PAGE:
It was my mother who asserted authority over when winter started for us on Fogo Island, N.L.
We knew she had decided it was winter when we saw summer quilts on the drying line and winter quilts on our beds. Many a November night in our house without central heating, we’d be shivering under summer quilts wondering, “when is she ever going to decide it’s winter?” Our seasonal quilts embody that deep connection to nature we have living on an island off an island at the edge of the continent.
Quilts embody important things in design, among them our connections, both poetic and pragmatic, to people and place. Architect and design theorist Christopher Alexander wrote that, “most of the built environment today lacks a natural order, an order which presents itself very strongly in places that were built centuries ago.” Alexander believed that to create buildings where people feel alive, connected and well, we must draw inspiration from organic forms and patterns. His thinking influenced our place-specific approach to creating Fogo Island Inn and validated local ways of knowing that have served us for the past 400 years. You see this in our quilts. Winter ones are heavier in weight and darker in colour, reflecting moody skies and shorter days. Summer quilts reflect the vivid colours of wildflowers and seemingly endless daylight. Quilters follow nature’s lead.
Fogo Island is an elemental place. You can’t live here without accepting that the weather reigns supreme. The sharp line between living inside and outside defines how we live, how we design and how we build. Traditionally, inside is a refuge from outside, from the dynamic weather. And because we’re fishing people, work is out there. We wanted our guests at the inn to experience that dichotomy, the difference that’s captured in the seasonal quilts.
One of the defining characteristics of Fogo Island is the wind. People often buy a quilt when they are here. It’s a souvenir, but a very functional one that helps extend the relationship they have with this place. We, of course, provide instructions for their care, reminding people to dry them outside on the line when the wind is in the west, because there’s a saying here: “When the wind is in the east, it’s not fit for man or beast. When the wind is in the south, it blows the bait in the fish’s mouth. When the wind is in the north, the skilled fisher goes not forth. And when the wind is in the west, it is the very best.”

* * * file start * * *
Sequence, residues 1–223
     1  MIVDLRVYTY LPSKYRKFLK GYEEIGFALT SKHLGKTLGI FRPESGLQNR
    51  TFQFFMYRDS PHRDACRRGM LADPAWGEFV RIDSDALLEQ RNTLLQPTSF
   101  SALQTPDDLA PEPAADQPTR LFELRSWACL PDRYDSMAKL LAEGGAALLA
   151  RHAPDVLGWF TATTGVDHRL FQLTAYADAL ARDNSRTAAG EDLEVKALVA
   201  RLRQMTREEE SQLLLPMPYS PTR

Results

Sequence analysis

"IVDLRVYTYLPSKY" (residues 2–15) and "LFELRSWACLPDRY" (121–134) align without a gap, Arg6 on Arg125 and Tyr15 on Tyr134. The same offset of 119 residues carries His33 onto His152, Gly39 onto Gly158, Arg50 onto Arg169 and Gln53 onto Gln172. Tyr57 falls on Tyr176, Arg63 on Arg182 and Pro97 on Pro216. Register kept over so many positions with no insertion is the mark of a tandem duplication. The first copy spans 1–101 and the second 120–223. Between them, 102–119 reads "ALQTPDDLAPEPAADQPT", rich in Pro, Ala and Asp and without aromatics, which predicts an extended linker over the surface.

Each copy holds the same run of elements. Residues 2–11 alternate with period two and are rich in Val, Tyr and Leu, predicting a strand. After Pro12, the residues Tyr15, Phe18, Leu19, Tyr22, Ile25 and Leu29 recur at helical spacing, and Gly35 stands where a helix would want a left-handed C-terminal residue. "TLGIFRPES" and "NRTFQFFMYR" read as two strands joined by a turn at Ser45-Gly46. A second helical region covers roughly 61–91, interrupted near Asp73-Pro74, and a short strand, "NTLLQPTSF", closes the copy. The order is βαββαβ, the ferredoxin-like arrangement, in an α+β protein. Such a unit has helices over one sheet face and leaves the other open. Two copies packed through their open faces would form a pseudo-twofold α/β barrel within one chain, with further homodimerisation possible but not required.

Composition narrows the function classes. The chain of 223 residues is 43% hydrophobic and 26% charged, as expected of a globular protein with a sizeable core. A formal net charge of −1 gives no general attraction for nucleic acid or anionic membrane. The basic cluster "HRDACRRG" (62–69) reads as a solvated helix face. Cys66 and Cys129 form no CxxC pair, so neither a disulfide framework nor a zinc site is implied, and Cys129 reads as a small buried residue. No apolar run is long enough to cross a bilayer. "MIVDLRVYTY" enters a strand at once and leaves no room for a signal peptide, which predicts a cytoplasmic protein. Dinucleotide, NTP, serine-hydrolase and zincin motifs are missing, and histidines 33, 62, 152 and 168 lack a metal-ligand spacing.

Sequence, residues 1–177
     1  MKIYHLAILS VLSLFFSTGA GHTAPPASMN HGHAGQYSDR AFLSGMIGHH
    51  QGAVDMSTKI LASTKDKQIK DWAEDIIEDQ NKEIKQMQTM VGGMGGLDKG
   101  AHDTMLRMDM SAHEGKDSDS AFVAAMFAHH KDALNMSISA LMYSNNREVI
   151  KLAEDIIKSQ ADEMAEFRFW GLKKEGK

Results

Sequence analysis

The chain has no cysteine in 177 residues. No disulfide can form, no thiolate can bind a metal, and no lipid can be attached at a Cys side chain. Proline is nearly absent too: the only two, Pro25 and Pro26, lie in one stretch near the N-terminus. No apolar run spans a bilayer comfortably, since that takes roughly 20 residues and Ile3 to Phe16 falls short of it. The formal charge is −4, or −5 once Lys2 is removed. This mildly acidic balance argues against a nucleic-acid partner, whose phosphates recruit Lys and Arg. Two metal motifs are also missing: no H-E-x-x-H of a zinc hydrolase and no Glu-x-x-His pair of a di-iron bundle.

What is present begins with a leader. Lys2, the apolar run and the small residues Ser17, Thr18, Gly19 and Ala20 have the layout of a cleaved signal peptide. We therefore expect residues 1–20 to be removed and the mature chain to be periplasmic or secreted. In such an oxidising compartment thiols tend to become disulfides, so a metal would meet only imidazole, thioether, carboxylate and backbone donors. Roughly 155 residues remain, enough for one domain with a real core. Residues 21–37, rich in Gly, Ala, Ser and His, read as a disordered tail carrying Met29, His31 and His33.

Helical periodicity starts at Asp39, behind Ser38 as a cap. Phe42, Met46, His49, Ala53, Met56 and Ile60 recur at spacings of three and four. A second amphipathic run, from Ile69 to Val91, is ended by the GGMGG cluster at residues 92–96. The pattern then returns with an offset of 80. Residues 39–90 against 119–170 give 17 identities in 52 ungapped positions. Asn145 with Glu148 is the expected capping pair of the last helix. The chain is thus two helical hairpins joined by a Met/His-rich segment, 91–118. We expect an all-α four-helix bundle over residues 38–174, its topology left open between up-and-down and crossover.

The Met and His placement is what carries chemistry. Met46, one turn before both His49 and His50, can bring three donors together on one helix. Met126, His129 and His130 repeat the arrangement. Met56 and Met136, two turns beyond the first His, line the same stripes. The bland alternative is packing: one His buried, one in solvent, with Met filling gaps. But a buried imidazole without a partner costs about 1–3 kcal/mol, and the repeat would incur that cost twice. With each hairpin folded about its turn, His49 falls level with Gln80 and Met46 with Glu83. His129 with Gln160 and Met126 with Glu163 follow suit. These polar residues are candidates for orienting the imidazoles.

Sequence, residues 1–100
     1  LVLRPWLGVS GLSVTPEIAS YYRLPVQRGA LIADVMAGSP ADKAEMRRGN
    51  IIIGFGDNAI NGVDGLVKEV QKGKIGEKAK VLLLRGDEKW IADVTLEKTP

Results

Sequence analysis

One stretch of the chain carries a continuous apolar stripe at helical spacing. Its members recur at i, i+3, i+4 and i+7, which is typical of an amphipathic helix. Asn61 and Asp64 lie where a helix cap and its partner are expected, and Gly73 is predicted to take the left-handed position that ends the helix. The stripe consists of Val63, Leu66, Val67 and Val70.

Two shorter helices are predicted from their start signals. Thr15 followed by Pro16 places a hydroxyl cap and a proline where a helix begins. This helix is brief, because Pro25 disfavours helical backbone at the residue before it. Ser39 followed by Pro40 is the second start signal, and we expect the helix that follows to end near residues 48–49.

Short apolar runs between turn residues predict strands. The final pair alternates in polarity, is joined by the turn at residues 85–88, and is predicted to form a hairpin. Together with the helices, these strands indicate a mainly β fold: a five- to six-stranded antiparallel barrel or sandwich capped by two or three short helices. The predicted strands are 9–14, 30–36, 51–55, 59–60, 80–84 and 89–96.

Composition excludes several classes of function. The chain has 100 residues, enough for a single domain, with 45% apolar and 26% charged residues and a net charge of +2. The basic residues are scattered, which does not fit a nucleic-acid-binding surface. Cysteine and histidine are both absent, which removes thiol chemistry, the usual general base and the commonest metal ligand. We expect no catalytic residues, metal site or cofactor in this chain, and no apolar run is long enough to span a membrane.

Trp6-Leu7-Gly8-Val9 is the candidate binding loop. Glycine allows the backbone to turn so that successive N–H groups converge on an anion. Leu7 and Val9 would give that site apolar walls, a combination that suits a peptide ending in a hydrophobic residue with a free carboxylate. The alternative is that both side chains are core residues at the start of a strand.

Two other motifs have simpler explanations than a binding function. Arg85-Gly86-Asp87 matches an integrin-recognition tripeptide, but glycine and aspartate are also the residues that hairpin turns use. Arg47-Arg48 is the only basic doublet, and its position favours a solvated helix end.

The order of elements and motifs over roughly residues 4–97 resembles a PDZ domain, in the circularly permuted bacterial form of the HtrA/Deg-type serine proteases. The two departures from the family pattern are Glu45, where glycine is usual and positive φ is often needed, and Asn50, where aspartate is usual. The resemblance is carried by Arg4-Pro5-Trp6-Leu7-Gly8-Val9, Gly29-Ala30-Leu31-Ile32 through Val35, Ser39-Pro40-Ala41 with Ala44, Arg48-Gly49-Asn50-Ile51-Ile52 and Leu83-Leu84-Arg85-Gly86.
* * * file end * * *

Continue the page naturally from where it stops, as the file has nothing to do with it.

A quilt, like any handmade object has love in it. My mother made quilts using pieces of our cast-off clothing. I would see a patch of fabric and think, “oh, that was my skirt.” Sometimes, my next thought might be, “oh, I wasn’t finished with that skirt!”
On my bed nowadays, I have a quilt made by Phyllis Combden. She was a neighbour when I was growing up, and she had half a dozen children. I was not much of a babysitter, but I agreed to babysit at Phyllis’s house because she had a set of encyclopedias. Phyllis’s husband died young, so she worked at the fish plant to support her family. She is a maker. She grows things. She traps rabbits. She picks berries. She bottles jams. There’s nothing Phyllis can’t do. Her quilt connects me to her and gives me the strength of her persistence. A quilt can do that. In addition to its obvious function, it can change your state of mind.
Quilts are traditionally designed in the moment of making. Even though they are made from random bits of old clothing, there is nothing random about how they are stitched together. The quilter is making design decisions on the fly about which piece of fabric to add next. Looking at my own quilt, I might ask myself, “does that yellow really go with that pink?” I am not so sure, but Phyllis thinks it does. I love that this quilt holds Phyllis’s idea of beauty.
Local quilters made all the quilts for our 29 rooms at the inn, 220 quilts in all. We had to purchase new fabrics to create that quantity and struggled to replicate the randomness and beauty of the traditional quilts made from cast-off clothing. With many fabrics to choose from, we tended to overthink the approach, but the last thing we wanted was the quilts to lose their energy in a matchy-matchy flatness. It took many conversations to figure out how to dispense these new fabrics in a random way.
The quilt patterns that mean the most to us are the heritage patterns, such as the tea leaf quilt with its geometric design or the Rob-Peter-to-Pay-Paul, where circles overlap to create a field of stars. They are more planned out than an everyday strip quilt like mine because you’ve got to have the whole picture in your mind from the start. We consider these heritage quilts to be “fancy.” I had an aunt who never had children and she always made fancy quilts. I don’t think my mother made a fancy quilt in her life. Having clothes to sew and sweaters to knit for seven children and a husband, there wasn’t time for fancy.
After finishing a quilt for Fogo Island Inn, the makers stitched their name on a label inside it. Sometimes, when guests are out and about, they serendipitously meet one of those makers and recognize their name from the quilt in their room. They end up in a conversation with someone whom they are already in relationship with – through the quilt.
Anonymous objects, that have emerged out of an opaque, disembodied business model – made by someone we don’t know, to enrich a broker in the middle – may perform a function but we’re not going to rush home to see them. But if we let them, objects can carry relationships and help us make meaning.
Whether plain or fancy, quilts cover our bodies in our most vulnerable moments. And they can be unconditionally trusted to hold our dreams.